Chileans survey damage after huge quake kills six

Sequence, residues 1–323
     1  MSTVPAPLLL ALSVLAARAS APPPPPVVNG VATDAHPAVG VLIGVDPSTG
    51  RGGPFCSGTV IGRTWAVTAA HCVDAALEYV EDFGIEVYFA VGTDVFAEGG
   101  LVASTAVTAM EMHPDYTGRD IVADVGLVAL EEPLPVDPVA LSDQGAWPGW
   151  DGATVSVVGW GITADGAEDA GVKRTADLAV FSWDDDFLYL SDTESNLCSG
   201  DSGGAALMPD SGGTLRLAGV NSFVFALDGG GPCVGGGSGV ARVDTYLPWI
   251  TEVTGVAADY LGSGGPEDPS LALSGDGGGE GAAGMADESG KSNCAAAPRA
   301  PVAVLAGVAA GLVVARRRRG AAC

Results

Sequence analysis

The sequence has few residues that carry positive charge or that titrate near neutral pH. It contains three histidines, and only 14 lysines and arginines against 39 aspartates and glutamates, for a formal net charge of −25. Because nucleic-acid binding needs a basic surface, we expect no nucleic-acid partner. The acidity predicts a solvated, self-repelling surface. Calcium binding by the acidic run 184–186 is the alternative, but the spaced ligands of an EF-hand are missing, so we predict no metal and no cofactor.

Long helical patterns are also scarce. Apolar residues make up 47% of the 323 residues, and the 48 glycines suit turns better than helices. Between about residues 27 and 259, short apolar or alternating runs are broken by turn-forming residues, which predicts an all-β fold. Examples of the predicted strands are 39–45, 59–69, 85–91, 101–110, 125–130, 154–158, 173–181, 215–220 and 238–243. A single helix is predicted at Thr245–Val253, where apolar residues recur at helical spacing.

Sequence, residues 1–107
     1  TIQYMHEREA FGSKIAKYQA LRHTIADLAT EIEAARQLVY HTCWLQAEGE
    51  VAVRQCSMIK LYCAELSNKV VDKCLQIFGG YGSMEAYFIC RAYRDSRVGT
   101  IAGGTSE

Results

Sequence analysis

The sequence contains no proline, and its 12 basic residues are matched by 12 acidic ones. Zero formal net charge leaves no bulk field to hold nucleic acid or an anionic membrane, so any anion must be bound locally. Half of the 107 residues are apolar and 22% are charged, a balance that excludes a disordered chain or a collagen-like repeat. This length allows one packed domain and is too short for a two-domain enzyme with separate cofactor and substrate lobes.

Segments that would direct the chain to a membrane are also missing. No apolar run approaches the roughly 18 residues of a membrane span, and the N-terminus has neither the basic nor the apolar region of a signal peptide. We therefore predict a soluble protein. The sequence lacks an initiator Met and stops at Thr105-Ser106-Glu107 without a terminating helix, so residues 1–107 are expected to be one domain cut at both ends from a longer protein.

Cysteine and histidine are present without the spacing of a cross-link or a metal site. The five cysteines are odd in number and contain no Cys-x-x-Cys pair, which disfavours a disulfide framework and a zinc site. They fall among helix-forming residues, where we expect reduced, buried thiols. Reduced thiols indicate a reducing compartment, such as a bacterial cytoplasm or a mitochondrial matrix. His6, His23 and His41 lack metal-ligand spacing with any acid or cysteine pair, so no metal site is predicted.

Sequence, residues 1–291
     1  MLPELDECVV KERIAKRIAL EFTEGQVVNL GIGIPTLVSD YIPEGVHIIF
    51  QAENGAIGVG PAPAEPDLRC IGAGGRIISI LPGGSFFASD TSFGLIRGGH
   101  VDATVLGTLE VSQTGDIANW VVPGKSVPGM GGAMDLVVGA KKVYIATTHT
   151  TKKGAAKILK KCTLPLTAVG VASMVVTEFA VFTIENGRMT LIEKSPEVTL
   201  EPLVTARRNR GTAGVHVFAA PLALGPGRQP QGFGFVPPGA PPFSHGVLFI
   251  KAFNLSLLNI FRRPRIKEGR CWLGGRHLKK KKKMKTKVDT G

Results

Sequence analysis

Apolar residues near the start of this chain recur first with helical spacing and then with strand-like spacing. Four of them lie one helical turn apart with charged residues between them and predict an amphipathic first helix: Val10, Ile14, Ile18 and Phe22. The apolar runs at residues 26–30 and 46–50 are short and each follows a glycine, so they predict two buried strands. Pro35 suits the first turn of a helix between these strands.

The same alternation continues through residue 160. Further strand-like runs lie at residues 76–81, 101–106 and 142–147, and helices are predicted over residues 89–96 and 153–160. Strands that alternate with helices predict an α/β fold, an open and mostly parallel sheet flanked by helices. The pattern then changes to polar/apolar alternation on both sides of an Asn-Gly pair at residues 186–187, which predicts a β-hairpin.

Thousands of Chileans returned home after spending the night on hills following a powerful 8.2-magnitude earthquake that killed six people and sparked tsunami fears as far as Japan. Police and soldiers patrolled the streets to prevent looting after Tuesday's quake in the north of Chile, which escaped a major catastrophe after nearly one million people evacuated their homes along the lengthy coast. The chaos -- and a collapsed wall -- allowed some 300 inmates to escape a women's prison in Iquique, the city closest to the huge quake's epicenter. Authorities said 110 of them had been recaptured. The earthquake caused copper prices to jump to a three-week high in the major mining country. The state-run Codelco mining company, the world's top copper producer, evacuated some facilities on the coast but none suffered damage. No houses collapsed, but roofs sagged, windows broke and products tumbled from shelves at shopping centers in Iquique, located about 1,800 kilometers (1,120 miles) north of the capital Santiago. Some 2,500 homes were damaged in the town of Alto Hospicio, near Iquique, the National Emergency Office said. - Tsunami alert lifted - Thousands of people slept in the open on high ground surrounding the city during the night. They returned home after authorities lifted the tsunami alert 10 hours later. People stood in long lines to get fuel at service stations, with gasoline rationed to a maximum of $20. The sea rushed 200 meters (yards) inland, flooding some streets, authorities said. Fishermen reported that 80 boats had been destroyed, sunk or floated out to sea. Iquique's airport control tower was damaged and flights there, to Arica and the northern city of Antofagasta were canceled, though they resumed on Wednesday. Landslides covered the road linking Iquique with the rest of the country. Six people -- five men, including a Peruvian, and one woman -- were killed in Iquique and the nearby Alto Hospicio municipality. Another nine people were injured in neighboring Peru, where homes were damaged. In Arica, near the border with Peru, people fearing aftershocks stood in huge lines outside stores to buy food, batteries and flashlights after the power went out. "The earthquake was terrible. Now we are bracing for a mega-earthquake," said Jorge Reyes, a consultant for a US mining company who lives in Arica. Like Iquique, the city avoided major damage, though walls were cracked in older homes. The tremors were felt as far inland as landlocked Bolivia and sparked evacuation warnings up the Pacific coast of South America and into Central America. The earthquake produced a mini tsunami across the Pacific, with waves of 20 centimeters (eight inches) reported in the Japanese city of Kuji. The Japanese Meteorological Agency had issued a tsunami advisory, warning of potential waves of up to one meter (three feet) and urging people to "get out of the water and leave the coast immediately." - Lessons from past - Chile's President Michelle Bachelet declared disaster zones in the north and toured the area to survey the damage and lead relief efforts. She deployed troops to prevent looting and disorder from breaking out, as they did after a deadly 8.8-magnitude quake in 2010. More than 500 people died and $30 billion in damage was wrought in that disaster after Bachelet's government prematurely called off a tsunami alert, causing people to return home only to die in the ensuing waves. This time, however, the evacuations appeared to have gone smoothly, with officials saying lessons were learned from past disasters. "A titanic task was dealt with in an exemplary way," Bachelet said. The quake struck at 8:46 pm (2346 GMT) at a depth of 10 kilometers, 83 kilometers from Iquique, the United States Geological Survey said. Chilean seismologists said it was four times deeper. At least 20 aftershocks rattled Chile, and authorities warned that more may come in the next few days.

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